Mitochondria are the center of bioenergetics interactions that control several functions in cells. Three fundamental functions, ATP generation, Ca2+ uptake and the generation and detoxification of ROS, are driven by the mitochondrial mΔΨ (Nicholls, 2004). The mΔΨ is driving force for the uptake of Ca2+, therefore, we investigated the relationship between mΔΨ and [Ca2+]m. Our results show a difference in mitochondrial functionality in pre-hypertensive rats, as evidenced by a lower mΔΨ in SHR 1-month rats when compared to normotensive rats. As well, a gradual drop in mΔΨ due to uptake of 160 nmol of Ca2+ was observed in SHR mitochondria, which was in contrast with the rapid mΔΨ collapse presented at the same Ca2+ concentration in WKY 1-month rat. Therefore, these data suggest a disturbance in Ca2+ uptake of 1-month SHR rats, which may be explained by lower mΔΨ found in these rats and support the results where the Ca2+ levels and its uptake were lower in 1-month SHR rats (Figs. 1 and and2).2). There were no differences in mΔΨ between 1 and 7-months SHR; however, Ca2+ concentration necessary for mΔΨ collapse was higher in 7-months rats than in 1-month rats (Figs. 4b and and5b).5b). In 7-months normotensive rats the mΔΨ was similar to that found in SHR (Fig. 5a and b), suggesting that age could lead to progressive mitochondrial damage that could be related with mitochondrial dysfunction reported for mice with accelerated senescence (Nakahara et al., 1998). It is well known that overproduction of ROS in respiratory chain of brain mitochondria during hypertension impairs mitochondrial energy metabolism (Ohtsuki et al., 1995). Increased ROS generation corroborates our results because impaired mitochondrial function may lead to mitochondrial energy insufficiency resulting in neuronal cell death. mΔΨ in young and hypertensive rats as well as in 7-months WKY rats were lower than WKY rats of 1-month. The relative diminution of mΔΨ would be sufficient to keep the energetic mitochondrial requirement, but this possibility should be explored. Decreased mΔΨ could be attributed to mtNOS activation. However, our results of Ca2+ uptake showed that influx of this cation to mitochondria was affected in 1- and 7-months SHR rats and 7-months WKY rats (Figs. 1–3), which could explain the higher concentrations needed to drop mΔΨ and the differential responses to Ca2+ addition with respect to the rate of mΔΨ collapse (Figs. 4 and and5).5). The drop mΔΨ in brain mitochondria of WKY and SHR rats due to the addition of Ca2+ excess (160, 480, and 640 nmol Ca2+) was restored by the addition of Ca2+ chelating agents, this suggest that Ca2+ excess did not cause mitochondrial damage, which would be attributed to the relative resistance of brain mitochondria to Ca2+ overload. Accordingly, other studies found that depending on the brain region, mitochondria are differentially sensitive to Ca2+ overload (LaFrance et al., 2005; Brown et al., 2006), without undergoing mitochondrial permeability transition (Berman et al., 2000).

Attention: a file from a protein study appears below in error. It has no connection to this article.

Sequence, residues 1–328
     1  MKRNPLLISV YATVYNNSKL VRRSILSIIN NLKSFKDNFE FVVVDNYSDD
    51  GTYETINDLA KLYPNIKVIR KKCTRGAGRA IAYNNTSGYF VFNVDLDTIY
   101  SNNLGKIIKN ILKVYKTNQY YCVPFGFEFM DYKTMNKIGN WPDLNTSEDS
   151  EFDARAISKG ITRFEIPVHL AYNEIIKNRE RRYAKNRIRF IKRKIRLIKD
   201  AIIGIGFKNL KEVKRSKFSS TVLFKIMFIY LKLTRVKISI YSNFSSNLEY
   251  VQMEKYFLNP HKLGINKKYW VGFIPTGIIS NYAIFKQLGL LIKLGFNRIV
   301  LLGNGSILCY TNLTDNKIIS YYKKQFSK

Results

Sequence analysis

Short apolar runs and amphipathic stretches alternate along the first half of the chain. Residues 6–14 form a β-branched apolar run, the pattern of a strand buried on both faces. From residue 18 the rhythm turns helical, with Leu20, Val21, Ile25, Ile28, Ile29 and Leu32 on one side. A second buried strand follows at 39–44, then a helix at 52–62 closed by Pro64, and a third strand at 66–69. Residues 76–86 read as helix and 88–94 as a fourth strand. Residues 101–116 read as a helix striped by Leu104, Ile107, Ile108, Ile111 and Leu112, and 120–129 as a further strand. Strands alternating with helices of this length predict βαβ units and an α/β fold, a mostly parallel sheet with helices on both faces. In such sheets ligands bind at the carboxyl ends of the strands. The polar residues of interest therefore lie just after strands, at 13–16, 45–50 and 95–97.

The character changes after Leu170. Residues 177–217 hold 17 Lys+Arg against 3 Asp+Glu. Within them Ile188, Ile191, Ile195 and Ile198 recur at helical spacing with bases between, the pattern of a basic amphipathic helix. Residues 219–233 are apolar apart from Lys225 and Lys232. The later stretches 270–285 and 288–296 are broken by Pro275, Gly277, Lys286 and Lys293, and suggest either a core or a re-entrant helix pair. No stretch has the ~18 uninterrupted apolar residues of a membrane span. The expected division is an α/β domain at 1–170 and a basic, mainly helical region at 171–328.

Abnormal mitochondrial calcium uptake and release during hypertension may contribute to mitochondrial injury in the brain and lead to neuron degeneration in SHR. On the other hand, the increased superoxide anion generation in brain mitochondria of SHR combined with deficit in superoxide dismutase activity cause oxidative stress conditions (Ohtsuki et al., 1995), which may damage expression of mitochondrial components and lead to defective assembly of respiratory complexes (Lopez-Campistrous et al., 2008). Hence, these findings may be the underlying cause behind decreased mΔΨ and complex IV activity reported here (Figs. 4–7). Our results demonstrate an association between [Ca2+]m metabolism and mΔΨ that may indicate the importance of this organelle in blood pressure elevation and a crucial role in aging associated hypertension. Alteration of mitochondrial energetics might play a role in vascular aging and aging processes.
Our results suggest that during age-associated hypertension, decreased complex IV activity caused consequent diminishing in mitochondrial inner-membrane potential and changes in ΔΨ-dependent Ca2+ movements, which leads to impairment in the activity of Ca2+-dependent enzymes like mtNOS. The scheme pictured here may be related to progression of mitochondrial energetics metabolism dysfunction and progressive neuronal cell death during hypertension.
In conclusion, our results suggest that pathological and physiological process as age-associated hypertension lead to changes in Ca2+ metabolism injury of respiratory chain enzymes as cytochrome c oxidase activity, which may lead to decrease in mitochondrial inner-membrane potential and consequently changes in Ca2+ metabolism that could be related to progression of mitochondrial dysfunction and neuronal cell death in brain during hypertension.
The authors appreciate the partial financial support of CONACYT (43705, ASM and 47481, RVM), Fondos Mixtos CONACYT-Gobierno Estado Michoacán (64277, ASM; 64308, SMA), COECYT (CB0702182_2, ASM) and CIC-UMSNH (2.16, ASM) grants. This work was also supported by P01 AG 021830 (IB) from the U.S NIA. ECC and CCR are CONACYT fellows.